OBESITY in Australian children has doubled in 10 years as an increasing number of parents fail to realise their child is fat.
University of Newcastle nutrition researcher Dr Clare Collins said the number of obese children jumped 100% in the years between 1985 and 1995.
"Now we've got one in five children overweight or obese, and if you go back to the 1960s it was only about one in 30," she said. "If you look at old school photos, there may have been one or two overweight children in your class, but today there are five or six."
Dr Clare Colins said the problem was exacerbated by the fact that more than 30% of parents with overweight children did not realise that their child was overweight and were failing to act on the problem.
"I guess as a parent they are saying 'he or she's all right — that's puppy fat', but in this day and age puppy fat is a real myth and we know that being overweight in childhood is related to a string of illnesses," she said.
Research has shown that obese adolescent girls were more likely to have lower education levels, lower incomes and be living below the poverty line.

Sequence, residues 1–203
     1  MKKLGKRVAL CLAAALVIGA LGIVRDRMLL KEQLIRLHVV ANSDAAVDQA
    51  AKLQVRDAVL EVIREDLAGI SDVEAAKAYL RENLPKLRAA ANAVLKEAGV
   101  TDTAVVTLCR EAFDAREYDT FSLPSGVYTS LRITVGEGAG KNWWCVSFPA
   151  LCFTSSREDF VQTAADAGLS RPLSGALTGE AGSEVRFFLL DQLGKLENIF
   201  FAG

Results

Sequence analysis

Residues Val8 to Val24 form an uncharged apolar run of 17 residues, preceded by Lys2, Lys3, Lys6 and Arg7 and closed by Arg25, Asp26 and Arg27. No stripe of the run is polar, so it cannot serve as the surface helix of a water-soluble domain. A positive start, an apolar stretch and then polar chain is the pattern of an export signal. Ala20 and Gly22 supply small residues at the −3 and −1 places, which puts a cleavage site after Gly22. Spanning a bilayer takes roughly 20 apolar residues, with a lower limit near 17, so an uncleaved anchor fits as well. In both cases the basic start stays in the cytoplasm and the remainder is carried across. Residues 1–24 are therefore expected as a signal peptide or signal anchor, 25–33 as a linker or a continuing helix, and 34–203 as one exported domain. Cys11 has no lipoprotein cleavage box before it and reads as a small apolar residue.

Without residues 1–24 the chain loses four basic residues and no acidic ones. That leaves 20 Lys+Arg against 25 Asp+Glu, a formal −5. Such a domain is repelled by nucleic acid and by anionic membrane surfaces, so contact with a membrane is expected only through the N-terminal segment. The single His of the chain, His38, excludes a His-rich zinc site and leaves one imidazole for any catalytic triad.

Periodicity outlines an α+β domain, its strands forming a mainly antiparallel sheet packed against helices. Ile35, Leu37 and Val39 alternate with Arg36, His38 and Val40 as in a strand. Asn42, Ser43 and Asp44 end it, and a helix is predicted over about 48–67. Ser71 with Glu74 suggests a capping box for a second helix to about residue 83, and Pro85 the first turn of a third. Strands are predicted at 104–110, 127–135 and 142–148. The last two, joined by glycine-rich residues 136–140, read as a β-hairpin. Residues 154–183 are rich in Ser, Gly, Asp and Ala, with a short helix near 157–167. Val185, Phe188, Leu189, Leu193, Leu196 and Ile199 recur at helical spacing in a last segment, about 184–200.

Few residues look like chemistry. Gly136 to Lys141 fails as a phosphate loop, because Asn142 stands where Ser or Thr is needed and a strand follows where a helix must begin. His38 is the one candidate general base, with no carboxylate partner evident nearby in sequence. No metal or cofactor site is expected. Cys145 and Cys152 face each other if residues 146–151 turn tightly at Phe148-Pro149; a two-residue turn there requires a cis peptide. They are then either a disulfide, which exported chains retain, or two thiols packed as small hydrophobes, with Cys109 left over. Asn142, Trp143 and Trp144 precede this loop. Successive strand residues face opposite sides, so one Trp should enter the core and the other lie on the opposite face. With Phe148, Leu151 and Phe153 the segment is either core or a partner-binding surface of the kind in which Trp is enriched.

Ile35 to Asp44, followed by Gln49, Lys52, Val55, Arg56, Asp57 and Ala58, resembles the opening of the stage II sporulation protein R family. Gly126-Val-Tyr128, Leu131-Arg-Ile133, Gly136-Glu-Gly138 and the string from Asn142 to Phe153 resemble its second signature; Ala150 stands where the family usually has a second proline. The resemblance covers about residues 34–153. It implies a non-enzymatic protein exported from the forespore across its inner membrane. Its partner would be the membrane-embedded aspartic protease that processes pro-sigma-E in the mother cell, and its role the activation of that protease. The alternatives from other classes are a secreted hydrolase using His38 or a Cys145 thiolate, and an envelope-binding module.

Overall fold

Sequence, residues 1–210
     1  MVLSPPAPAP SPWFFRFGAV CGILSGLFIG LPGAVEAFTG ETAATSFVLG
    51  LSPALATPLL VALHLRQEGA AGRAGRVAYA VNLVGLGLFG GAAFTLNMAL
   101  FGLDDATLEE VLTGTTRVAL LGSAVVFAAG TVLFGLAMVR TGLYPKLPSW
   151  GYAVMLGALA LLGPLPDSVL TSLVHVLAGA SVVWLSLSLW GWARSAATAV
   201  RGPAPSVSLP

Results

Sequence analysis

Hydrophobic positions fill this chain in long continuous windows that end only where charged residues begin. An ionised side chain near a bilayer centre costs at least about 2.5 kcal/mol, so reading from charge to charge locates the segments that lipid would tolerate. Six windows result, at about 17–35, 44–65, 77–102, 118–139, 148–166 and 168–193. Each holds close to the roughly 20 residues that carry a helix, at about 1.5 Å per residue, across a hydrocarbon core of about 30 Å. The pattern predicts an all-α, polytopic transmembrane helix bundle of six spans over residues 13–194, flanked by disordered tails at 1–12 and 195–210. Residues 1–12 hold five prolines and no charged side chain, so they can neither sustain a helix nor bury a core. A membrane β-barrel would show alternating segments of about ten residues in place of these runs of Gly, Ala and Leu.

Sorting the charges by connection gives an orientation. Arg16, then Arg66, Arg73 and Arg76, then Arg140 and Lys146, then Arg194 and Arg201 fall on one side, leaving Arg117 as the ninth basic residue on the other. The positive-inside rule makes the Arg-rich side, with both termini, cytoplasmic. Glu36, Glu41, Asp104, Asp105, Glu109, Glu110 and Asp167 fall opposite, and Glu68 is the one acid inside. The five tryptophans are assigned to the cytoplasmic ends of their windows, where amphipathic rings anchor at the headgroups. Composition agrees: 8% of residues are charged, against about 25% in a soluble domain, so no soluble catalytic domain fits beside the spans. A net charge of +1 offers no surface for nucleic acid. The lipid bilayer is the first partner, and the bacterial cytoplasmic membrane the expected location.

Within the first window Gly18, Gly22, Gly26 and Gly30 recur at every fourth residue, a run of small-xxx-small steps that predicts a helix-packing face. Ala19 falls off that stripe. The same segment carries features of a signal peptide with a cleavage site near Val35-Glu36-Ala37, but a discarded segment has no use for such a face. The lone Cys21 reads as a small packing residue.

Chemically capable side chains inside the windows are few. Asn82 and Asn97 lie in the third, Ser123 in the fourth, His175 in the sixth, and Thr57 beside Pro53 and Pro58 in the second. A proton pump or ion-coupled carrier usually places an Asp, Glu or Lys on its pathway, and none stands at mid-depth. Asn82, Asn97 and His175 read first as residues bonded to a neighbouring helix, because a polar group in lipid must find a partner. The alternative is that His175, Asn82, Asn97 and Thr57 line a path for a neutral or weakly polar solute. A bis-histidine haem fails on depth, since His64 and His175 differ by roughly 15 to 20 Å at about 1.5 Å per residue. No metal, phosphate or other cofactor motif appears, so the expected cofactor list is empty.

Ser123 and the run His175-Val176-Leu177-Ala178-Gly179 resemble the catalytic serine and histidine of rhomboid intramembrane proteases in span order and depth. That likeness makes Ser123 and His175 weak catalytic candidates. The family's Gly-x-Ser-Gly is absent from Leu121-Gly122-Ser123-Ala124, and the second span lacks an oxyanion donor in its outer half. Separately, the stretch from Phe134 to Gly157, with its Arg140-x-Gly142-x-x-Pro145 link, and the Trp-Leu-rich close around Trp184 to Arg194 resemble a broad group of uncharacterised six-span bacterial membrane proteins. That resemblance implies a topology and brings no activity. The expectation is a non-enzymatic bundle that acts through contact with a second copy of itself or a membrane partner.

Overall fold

Other studies have shown that boys who are overweight are twice as likely to die, or have cancer, or suffer a stroke before they reach the age of 55 — regardless of their adult weight.
Dr Clare Colins said overweight children were experiencing high blood pressure, mechanical and metabolism problems, and the beginning of heart disease.
"These kids are sick and it is more of a tragedy when it is not being recognised for what it is," she said.
Dr Clare Colins is in the process of establishing a program for overweight children focusing solely on the parents helping children to be more active, eat healthy foods and manage stress. It is modelled on overseas programs which have had better success in reducing children's weight by only involving the parents.
"It is unfair to children to be made super aware that they are overweight and different from others if you don't give them a lifeline and the parents are the only ones who can do that, ," Dr Clare Colins said. "The parents have the power to turn off the television and take their kids to the park, they have the power over the groceries."
Dr Clare Colins blamed "obeseogenic environment" for the growing rates of childhood obesity.
"Some of the biggest changes for kids have been that they don't play as much or their play is sedentary and they don't actually play outside any more," she said.